||A chariot brigade and horsemen also went with them. It was a very imposing retinue.
Vaya'al imo gam-rechev gam-parashim vayehi hamachaneh kaved me'od.
||They came to Bramble Barn (Goren HaAtad) on the bank of the Jordan, and there they conducted a great, imposing funeral. [Joseph] observed a seven day mourning period for his father.
Vayavo'u ad-Goren ha'Atad asher be'ever haYarden vayispedu sham misped gadol vechaved me'od vaya'as le'aviv evel shiv'at yamim.
Or 'Bramble Threshing Floor' (see Judges 9:14, Psalms 58:10; Targum on Genesis 2:18; Shevi'ith 7:5). On the basis of the Septuagint and cognate Semitic words, the atad here is identified as the Box Thorn (Lycium europaeum), which is known to grow on the bank of the Jordan. As Maimonides notes (on Shevi'ith 7:5; cf. Saadia), it has black edible seeds (Sherashim). The Septuagint and the Vulgate translate it as Rhammus; while the Radak renders it in Spanish as cardon, the spurge.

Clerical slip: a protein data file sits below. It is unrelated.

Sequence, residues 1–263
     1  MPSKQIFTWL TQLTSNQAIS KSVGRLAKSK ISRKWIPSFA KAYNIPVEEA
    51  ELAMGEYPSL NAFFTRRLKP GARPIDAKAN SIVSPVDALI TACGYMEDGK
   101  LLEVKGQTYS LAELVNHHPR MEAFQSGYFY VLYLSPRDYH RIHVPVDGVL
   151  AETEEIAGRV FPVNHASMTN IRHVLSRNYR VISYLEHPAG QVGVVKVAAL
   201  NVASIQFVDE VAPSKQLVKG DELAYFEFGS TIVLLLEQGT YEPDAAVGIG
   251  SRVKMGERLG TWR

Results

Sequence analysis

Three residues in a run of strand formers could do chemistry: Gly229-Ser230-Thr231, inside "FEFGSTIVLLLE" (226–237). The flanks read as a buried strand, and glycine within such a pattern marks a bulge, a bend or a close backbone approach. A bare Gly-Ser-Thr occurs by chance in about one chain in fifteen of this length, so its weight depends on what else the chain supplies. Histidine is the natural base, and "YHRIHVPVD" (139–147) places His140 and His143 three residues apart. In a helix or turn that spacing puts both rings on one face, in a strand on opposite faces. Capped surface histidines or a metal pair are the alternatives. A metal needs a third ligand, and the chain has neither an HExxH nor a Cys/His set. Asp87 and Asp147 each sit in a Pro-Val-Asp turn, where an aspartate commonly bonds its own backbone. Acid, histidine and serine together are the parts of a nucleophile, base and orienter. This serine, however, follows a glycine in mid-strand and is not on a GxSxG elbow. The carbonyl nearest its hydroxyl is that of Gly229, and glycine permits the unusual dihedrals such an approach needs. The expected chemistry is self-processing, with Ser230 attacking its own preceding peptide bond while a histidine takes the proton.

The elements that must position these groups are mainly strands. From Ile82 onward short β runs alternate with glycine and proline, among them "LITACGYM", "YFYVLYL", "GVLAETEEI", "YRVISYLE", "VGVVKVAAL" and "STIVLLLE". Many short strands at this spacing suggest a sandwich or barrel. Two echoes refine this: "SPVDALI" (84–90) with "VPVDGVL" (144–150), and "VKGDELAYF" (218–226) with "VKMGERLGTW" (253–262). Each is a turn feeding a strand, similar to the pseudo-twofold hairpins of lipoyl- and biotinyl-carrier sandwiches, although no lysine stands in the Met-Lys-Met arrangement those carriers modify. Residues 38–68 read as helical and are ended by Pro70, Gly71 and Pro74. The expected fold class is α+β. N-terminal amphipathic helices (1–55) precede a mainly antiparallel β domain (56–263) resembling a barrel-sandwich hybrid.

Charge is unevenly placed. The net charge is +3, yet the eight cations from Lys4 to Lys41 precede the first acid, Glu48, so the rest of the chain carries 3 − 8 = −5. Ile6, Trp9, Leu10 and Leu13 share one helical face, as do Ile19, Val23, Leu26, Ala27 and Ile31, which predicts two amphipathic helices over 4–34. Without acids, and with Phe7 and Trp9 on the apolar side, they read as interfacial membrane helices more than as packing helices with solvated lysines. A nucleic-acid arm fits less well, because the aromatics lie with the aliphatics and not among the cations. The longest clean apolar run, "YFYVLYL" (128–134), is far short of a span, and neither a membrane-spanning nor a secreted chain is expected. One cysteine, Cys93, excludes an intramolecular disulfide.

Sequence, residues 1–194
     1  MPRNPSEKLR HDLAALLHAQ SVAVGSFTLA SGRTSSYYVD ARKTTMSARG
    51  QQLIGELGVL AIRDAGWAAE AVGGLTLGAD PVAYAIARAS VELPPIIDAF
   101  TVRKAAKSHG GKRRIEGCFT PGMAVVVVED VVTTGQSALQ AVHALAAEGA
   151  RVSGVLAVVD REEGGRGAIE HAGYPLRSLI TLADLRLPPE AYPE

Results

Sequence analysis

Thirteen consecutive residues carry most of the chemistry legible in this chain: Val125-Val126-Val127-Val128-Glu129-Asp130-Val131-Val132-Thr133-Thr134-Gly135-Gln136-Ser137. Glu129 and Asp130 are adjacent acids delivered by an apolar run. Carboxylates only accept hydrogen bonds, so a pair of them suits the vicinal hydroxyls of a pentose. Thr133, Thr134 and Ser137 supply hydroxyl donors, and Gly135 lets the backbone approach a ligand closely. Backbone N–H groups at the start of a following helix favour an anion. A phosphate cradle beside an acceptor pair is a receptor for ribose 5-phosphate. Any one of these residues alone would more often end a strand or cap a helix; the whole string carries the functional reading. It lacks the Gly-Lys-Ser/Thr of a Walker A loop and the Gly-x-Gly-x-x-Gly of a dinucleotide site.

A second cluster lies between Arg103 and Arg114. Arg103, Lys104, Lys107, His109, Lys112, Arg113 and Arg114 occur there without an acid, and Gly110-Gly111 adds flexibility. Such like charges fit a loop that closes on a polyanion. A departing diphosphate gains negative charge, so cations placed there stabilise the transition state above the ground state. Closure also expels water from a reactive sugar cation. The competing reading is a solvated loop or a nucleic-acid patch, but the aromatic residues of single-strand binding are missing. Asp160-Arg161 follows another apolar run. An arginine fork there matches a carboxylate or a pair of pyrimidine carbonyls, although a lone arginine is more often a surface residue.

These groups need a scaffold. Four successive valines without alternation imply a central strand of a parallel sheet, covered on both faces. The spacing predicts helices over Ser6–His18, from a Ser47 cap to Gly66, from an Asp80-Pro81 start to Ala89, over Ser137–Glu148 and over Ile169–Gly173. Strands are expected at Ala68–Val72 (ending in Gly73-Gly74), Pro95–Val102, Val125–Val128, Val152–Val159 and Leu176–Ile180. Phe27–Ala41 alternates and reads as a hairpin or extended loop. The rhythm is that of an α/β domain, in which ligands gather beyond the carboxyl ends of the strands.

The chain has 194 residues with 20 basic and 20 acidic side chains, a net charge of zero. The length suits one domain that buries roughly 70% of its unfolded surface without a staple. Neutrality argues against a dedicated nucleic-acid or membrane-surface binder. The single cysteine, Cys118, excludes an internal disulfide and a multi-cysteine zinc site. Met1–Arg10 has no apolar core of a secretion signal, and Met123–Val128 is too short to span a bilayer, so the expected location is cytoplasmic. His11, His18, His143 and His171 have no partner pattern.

Literally, 'on the other side of the Jordan.' Usually, this is given with relation to the Holy Land, so this would be the east bank of the Jordan (Rabbenu Meyuchas). Cf. Numbers 32:19, Deuteronomy 1:1, 3:8, 4:49, 11:30; Joshua 1:14. This would indicate that instead of coming to Canaan along the coastal route, Joseph took the King's Highway (Numbers 20:17, 21:22), which lead to the trans-Jordan region. This was the route of the Exodus. According to others, however, 'the other side' here denotes the west bank of the Jordan (Sekhel Tov; Chizzkuni).
|seven day mourning period|
Cf. 1 Samuel 31:13, Job 2:13. According to some sources, this is the source of the practice of sitting seven days in mourning (shiva) (Yerushalmi, Mo'ed Katan 3:5; Pirkey Rabbi Eliezer 17).